MONTREAL -- Two Montreal caleche horses are getting an early retirement, joining some old friends at an off-island refuge.

For Maximus and Freddy, the days of pulling around tourists are over. They're the two newest residents of A Horse Tale Rescue in Vaudreuil-Dorion.

"We're a non-profit charity. We're registered with the government, and we're here to give second chances to horses in need," said executive director Mike Grenier.

The city's ban on horse-drawn carriages went into effect on Jan. 1 and has forced caleche operators like Luc Desparois of Lucky Luc to give up some of the horses in his stable.

"It's very hard, just to say that you're not allowed to walk out of the barn with your horse. It's stupid," he said.

Even though Desparois is giving up some of his horses, he said he's going to continue fighting the bylaw. As difficult as it is to say goodbye after 15 years, he said he's happy knowing the horses will be well taken care of at A Horse Tale.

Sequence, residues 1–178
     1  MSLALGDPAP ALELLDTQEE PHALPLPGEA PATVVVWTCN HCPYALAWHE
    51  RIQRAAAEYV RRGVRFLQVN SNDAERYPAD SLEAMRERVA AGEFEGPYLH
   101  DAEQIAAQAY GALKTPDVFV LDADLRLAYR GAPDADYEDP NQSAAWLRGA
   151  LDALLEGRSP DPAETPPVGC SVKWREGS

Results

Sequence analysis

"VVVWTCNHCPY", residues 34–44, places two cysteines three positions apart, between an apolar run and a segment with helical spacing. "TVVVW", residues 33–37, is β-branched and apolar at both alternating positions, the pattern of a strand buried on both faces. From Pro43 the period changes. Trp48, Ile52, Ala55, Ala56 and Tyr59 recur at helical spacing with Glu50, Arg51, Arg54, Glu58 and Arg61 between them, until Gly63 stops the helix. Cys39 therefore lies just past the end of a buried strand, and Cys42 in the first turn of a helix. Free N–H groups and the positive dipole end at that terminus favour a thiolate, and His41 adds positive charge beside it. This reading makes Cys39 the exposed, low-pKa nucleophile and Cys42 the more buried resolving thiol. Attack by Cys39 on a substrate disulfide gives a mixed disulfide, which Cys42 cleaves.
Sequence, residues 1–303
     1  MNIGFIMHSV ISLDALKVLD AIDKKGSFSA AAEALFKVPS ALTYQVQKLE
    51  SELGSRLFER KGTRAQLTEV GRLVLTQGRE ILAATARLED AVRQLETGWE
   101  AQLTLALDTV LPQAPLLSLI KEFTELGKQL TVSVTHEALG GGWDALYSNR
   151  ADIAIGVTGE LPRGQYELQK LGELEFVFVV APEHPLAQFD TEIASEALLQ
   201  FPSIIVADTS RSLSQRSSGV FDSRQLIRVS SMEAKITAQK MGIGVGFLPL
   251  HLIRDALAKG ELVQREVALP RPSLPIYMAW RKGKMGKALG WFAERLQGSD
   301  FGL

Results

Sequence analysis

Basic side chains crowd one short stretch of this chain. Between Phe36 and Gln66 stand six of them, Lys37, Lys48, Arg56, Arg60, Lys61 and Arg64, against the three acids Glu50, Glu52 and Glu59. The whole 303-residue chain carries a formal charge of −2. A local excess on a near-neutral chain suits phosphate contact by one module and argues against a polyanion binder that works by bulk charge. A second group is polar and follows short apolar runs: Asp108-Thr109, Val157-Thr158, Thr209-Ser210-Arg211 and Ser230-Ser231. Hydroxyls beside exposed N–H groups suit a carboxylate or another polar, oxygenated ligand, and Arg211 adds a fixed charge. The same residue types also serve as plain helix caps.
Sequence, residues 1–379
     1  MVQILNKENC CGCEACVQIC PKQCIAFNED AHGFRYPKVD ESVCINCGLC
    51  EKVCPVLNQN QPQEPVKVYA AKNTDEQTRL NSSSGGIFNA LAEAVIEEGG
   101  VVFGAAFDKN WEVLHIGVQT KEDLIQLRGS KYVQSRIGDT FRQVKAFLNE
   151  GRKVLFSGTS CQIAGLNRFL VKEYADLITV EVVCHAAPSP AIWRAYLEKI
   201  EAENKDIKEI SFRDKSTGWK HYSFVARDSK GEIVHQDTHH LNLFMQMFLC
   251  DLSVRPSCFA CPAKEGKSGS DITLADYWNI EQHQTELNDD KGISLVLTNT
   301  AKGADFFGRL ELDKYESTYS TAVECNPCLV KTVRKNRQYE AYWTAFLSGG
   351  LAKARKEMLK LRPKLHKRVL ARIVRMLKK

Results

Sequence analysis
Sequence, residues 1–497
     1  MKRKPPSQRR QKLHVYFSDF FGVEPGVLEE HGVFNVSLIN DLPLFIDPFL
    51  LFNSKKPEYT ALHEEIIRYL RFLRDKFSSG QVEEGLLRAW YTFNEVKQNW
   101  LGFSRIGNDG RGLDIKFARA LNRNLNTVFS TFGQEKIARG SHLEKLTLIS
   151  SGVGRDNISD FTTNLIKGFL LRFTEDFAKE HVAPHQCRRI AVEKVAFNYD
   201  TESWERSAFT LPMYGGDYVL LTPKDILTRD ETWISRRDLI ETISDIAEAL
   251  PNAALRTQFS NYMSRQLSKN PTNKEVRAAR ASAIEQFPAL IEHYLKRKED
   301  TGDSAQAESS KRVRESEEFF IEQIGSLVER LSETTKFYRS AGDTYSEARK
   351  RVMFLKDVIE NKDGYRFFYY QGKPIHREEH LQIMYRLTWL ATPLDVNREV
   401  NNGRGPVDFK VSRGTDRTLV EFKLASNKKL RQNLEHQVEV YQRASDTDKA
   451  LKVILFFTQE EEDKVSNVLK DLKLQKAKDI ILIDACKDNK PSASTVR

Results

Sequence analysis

"I know how they are with the animals. They're all excited and a lot of people come over all during the week to take care of them, to brush them, to do all kinds of stuff, and they have the heart in the right place," he said.

Three years ago, horses Ulysses and Blanco retired from Lucky Luc's stable. They're both 22 years old now.

While some of the horses at A Horse Tale are up for adoption, the former caleche horses are not, said Grenier.

"They have worked, and what we are providing them is a retirement for the rest of their lives," he said.

The gates are open to the public on weekends, and during the week, special needs groups spend time with the animals.

"Just being in the presence of these – I mean they're huge majestic animals. So for us to be able to give back, I mean each volunteer that's here is benefiting from that, but there are so many groups that don't have that access. And we don't charge for the program. We give up our time."

Max and Freddy's new home at A Horse Tale is run entirely by volunteers and relies on sponsors and donations.